The Initial Public Offering (IPO) from Barbeque Nation: What’s In It for Investors?

Should investors hold or sell their shares and is the much-awaited listing a grand or dull affair?


News recently broke out that Barbeque Nation, a leading casual dining chain in the country is listing its IPO both on the NSE as well as the BSE on the 7th of April 2021. 

Investors already have the declaration that Barbeque Nation’s IPO is a weak listing since the grey market premium of its unlisted shares took a major tumble, down to Rupees 10. 

The IPO coming from Barbeque Nation is the first of its kind for the financial year 2021-22 which has baffled investors. Mainly because food services have been most impacted due to low customer spending. Even five-star restaurant chains turned into start-ups and had to start from scratch. Casual dining is equivalent to fine dining among Indian customers and Barbeque Nation’s move is being viewed as bizarre since they are also planning to open 5-6 more outlets soon. 

What’s interesting to note is that in the Grey Market, the ‘Grey Market Premium’ (GMP) shares of Barbeque Nation went from Rupees 40 to between 10-12 Rupees in the span of just one week. 

The reason for the fall in the GMP shares of Barbeque Nation is obviously the coronavirus wave riding high once again in India which is leading to numerous lockdowns and curfews being imposed. Another reason is the volatility in the equity market. 

The last day of the Barbeque Nation IPO, the 26th of March saw a subscription count of 5.98. Investors can now view their allotment status.

The IPO is valued at INR Cr 453 and retail investors are the majority backers. Also, the IPO is fully subscribed as of date.

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There are clear risks for investors purchasing stake in Barbeque Nation’s IPO. The restaurant industry is already burdened with covid restrictions which has given rise to a sense of ruthlessness among competing businesses to survive the disruption.

Share purchase guidelines:

The minimum lot size for purchase of Barbeque Nation’s shares was 30. A typical investor would need to pay a price of INR 15,000 to bid for a single lot in Barbeque Nation’s IPO.  If it’s a retail investor, you are allowed to apply for a maximum of 13 share lots for a price of INR 195000.

Barbeque Nation’s debut in shares is much awaited no doubt by the firm itself, but mostly by investors. But investors sure are indecisive regarding the right course of action for the IPO listing.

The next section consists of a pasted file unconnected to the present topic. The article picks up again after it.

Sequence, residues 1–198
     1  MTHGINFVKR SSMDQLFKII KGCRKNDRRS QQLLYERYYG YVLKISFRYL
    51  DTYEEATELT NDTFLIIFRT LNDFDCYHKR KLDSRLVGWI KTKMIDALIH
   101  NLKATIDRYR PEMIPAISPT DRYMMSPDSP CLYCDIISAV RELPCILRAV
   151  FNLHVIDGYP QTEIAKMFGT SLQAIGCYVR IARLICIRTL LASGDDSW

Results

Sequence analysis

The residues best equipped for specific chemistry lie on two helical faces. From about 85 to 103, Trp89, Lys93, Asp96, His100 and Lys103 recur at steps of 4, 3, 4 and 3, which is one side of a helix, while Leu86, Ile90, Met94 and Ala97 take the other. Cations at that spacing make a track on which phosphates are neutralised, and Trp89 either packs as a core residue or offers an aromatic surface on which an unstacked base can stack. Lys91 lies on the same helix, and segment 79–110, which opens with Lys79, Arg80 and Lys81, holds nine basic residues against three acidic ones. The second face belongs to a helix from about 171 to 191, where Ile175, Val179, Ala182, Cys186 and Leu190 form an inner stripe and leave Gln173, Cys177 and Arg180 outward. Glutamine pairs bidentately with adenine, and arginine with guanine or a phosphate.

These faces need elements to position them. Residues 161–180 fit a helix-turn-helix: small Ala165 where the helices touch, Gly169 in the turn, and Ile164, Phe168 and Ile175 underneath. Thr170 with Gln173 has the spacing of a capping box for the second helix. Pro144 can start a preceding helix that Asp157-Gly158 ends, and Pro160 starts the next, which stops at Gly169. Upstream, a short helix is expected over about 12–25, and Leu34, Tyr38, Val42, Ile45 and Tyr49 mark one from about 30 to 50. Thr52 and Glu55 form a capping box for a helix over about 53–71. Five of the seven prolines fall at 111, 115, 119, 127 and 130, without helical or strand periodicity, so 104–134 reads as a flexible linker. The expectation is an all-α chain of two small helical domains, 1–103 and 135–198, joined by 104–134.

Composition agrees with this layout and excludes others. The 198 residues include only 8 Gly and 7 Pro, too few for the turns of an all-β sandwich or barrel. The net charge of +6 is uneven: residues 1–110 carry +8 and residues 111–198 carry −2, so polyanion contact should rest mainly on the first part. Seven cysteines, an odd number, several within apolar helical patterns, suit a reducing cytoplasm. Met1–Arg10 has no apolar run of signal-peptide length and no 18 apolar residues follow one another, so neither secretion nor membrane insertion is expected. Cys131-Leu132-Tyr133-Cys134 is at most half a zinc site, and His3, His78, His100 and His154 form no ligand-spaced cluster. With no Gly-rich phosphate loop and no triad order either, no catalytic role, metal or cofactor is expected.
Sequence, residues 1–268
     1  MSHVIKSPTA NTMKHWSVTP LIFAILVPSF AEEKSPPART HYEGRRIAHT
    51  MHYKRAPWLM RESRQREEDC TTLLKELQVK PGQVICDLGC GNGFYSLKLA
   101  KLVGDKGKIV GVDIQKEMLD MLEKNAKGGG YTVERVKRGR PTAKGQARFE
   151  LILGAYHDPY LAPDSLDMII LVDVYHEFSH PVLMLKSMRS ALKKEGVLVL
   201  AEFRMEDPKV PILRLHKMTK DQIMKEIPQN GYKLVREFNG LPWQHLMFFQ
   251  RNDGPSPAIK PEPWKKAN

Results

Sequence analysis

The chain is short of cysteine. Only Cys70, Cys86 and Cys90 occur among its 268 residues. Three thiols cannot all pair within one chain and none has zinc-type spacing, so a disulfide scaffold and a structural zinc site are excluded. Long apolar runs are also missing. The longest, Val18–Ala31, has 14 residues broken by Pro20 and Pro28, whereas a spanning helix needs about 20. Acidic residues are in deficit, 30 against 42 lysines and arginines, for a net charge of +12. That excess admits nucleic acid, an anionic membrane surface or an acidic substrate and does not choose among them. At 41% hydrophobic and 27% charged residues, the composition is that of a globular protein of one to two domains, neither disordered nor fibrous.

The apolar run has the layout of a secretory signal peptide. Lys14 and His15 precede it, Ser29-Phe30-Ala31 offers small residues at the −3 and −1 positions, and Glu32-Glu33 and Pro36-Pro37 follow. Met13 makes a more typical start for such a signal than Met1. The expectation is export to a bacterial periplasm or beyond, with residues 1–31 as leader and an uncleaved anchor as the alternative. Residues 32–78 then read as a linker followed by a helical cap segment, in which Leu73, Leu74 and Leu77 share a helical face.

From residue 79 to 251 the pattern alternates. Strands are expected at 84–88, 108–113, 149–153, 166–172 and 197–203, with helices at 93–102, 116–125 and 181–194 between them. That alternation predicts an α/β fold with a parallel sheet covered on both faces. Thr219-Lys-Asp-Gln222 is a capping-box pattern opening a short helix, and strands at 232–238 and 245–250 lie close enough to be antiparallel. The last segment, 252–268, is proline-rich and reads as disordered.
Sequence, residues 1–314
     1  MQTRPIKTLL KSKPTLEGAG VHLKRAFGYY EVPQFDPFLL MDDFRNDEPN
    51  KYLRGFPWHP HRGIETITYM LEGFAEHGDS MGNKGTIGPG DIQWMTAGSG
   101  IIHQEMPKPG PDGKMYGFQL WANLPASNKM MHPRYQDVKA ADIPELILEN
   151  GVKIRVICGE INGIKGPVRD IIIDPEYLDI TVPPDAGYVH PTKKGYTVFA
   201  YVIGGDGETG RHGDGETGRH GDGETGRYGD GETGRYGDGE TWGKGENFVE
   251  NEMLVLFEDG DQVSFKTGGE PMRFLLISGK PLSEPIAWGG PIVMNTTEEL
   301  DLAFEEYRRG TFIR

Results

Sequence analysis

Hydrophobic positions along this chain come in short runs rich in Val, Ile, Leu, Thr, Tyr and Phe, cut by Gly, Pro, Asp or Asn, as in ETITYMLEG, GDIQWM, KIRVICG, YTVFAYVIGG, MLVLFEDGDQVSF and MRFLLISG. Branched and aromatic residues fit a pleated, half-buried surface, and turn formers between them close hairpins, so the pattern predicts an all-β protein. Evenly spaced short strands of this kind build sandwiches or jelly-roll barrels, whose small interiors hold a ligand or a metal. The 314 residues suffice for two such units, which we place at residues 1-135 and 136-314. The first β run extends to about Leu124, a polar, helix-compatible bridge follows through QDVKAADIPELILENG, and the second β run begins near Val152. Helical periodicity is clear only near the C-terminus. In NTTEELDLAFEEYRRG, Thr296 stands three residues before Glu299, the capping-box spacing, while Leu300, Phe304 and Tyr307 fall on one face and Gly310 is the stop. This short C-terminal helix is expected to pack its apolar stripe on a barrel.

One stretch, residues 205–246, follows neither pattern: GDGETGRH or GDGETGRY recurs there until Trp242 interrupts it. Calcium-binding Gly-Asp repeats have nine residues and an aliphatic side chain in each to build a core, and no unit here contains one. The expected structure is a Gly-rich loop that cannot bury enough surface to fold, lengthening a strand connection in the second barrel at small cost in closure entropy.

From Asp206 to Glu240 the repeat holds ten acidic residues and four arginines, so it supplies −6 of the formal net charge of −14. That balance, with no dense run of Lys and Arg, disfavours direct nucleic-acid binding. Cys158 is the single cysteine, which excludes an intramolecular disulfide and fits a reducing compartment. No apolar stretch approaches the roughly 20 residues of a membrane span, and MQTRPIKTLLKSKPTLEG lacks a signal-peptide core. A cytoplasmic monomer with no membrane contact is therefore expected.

Covid has ruined a good many things but looks like Barbeque Nation’s grand debut will be rocked by imposed restrictions.

Investors will be up for a dull listing which in a way was already predicted. Barbeque Nation is a restaurant chain in the hospitality sector, one of the most affected industries since the onset of the pandemic. 

Is it risky for you as an investor?

There are clear risks for investors purchasing stake in Barbeque Nation’s IPO. The restaurant industry is already burdened with covid restrictions which has given rise to a sense of ruthlessness among competing businesses to survive the disruption. The bottom line is that you can either ‘avoid’ the issue or ‘apply at your own risk’.

What’s in it for me?

The Restaurants and Hospitality sector is currently going through tough times and this listing comes at an ill-advised time. As an investor, it’s advised to not be focused on only listing gains with the Barbeque Nation IPO. This is because investors looking for short-term gains are likely to see their hopes shattered. 

If you are an investor who trusts the long-term potential of the Restaurants and Food Services sector, it’s advised to ‘hold’ instead of ‘sell’ your shares.

Barbeque Nation going public is a big story in the food services sector currently because what they are doing is unheard of. It seems like a do or die situation and investors are rightly in a dilemma. A lot of companies who earlier moved to IPO had to suddenly shut down. 

It’s great that Barbeque Nation decided to go public, but the timing is certainly off. 

Anju Nambiar
Anju Nambiar
Anju has 5 years of experience covering business. She writes on startups, business life cycle and startup ecosystem. Her stints include Amazon and Adjetter Media Network.

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